Purpose: The purpose of this study was to identify differences in patterns of risk-taking behavior among Latino adolescents with respect to immigrant status and in comparison to their native non-Hispanic white counterparts.
Methods: In fall of 1988 and spring of 1989 a confidential Teen Health Risk Survey was administered to 1,789 students at two high schools in northern California, both of which have a school health center on-site, and which had large numbers of Latino students enrolled. We divided the Latino adolescent population into two groups: Latinos who were born in the United States (native-born Latinos) and Latinos who had immigrated to the United States (Latino immigrants). Eight different risk-taking behaviors were identified for this study: alcohol, cigarette, marijuana, illicit drug use, self-violence, drunk driving, unintended pregnancy, and violence.
Results: We found that in general, Latino students engaged in a greater number of risk-taking behaviors than native non-Hispanic whites. The mean number of risk behaviors was highest for Latino immigrants (1.78), followed by native-born Latinos (1.71), and native non-Hispanic whites (.99). A t-test revealed that non-Hispanic whites were statistically different from both Latino populations in either level of risk-taking behavior (p < 0.05).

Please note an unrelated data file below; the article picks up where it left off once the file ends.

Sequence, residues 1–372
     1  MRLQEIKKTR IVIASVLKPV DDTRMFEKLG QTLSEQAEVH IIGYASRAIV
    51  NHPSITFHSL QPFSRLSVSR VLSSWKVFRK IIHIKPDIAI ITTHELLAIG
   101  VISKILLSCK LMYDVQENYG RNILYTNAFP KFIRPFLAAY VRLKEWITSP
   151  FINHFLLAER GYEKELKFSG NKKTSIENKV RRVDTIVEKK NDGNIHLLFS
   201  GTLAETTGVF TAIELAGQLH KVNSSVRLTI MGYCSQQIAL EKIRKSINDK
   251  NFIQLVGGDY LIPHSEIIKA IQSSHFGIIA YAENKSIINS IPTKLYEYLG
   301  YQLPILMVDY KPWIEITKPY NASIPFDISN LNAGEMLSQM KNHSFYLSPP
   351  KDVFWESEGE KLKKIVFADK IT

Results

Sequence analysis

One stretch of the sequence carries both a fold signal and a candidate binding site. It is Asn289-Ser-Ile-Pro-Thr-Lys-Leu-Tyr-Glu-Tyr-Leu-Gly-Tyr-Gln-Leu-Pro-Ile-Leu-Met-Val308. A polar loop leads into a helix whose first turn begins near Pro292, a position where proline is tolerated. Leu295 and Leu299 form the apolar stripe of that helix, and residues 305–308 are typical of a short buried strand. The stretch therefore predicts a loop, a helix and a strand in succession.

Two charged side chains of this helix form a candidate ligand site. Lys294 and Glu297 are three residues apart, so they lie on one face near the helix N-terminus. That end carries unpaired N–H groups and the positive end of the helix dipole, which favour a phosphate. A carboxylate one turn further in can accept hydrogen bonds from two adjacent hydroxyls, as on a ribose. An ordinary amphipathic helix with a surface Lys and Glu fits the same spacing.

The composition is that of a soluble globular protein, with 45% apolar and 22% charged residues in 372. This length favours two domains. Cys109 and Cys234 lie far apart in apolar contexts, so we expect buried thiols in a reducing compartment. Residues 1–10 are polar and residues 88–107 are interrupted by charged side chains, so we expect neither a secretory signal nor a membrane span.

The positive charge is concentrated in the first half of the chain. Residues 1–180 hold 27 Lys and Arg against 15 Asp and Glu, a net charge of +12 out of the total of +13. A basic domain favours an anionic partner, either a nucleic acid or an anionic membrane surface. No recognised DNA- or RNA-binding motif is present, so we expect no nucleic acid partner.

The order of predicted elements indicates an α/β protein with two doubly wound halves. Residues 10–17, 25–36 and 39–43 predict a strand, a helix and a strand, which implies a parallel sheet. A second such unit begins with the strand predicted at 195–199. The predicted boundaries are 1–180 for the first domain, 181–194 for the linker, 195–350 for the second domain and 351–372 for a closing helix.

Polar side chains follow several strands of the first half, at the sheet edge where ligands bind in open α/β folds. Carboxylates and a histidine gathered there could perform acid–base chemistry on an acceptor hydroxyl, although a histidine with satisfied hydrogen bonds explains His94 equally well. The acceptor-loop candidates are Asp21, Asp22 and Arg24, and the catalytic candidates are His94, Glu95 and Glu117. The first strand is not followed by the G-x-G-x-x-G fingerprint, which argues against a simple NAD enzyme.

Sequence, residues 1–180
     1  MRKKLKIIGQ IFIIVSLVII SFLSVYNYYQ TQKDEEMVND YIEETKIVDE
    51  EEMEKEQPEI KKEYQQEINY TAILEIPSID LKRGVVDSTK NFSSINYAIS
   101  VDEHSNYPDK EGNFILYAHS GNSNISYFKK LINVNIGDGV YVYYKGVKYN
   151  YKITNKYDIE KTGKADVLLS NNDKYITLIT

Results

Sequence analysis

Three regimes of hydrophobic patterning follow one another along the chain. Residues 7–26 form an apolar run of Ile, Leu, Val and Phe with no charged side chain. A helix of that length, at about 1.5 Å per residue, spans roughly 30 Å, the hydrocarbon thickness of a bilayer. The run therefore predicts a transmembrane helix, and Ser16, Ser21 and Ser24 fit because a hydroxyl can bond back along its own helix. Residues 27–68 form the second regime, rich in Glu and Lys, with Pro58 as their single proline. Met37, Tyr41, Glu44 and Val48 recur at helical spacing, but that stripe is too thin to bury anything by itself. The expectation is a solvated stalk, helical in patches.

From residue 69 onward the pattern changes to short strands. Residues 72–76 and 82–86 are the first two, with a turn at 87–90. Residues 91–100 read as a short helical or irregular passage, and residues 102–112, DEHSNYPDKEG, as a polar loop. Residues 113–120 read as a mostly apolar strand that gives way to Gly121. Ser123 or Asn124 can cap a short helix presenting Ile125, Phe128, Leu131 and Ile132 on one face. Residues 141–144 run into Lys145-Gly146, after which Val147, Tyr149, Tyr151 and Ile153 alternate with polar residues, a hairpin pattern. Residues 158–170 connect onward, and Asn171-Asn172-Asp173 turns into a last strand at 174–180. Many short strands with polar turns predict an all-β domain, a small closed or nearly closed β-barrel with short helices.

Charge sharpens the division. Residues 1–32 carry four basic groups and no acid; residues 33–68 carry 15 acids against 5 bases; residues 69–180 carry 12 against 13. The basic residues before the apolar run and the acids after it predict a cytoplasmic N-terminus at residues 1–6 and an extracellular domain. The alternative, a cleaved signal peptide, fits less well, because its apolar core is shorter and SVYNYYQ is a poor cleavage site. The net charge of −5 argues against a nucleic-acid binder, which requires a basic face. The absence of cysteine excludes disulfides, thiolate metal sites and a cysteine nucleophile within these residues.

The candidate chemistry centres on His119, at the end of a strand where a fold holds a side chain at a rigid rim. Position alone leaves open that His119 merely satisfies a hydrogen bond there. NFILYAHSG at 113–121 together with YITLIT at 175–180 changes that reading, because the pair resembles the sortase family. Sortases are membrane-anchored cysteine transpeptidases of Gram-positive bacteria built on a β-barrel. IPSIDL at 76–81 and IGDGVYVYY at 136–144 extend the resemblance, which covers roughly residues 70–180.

Conclusions: This sample of immigrant Latino students appeared to be vulnerable to engaging in risk-taking behaviors and did not exhibit the anticipated cultural protective factors associated with recent immigrants. The extent and variety of risk-taking behaviors clearly call for the development of culturally sensitive and accessible health education and health care services within a broader array of social, educational and support services.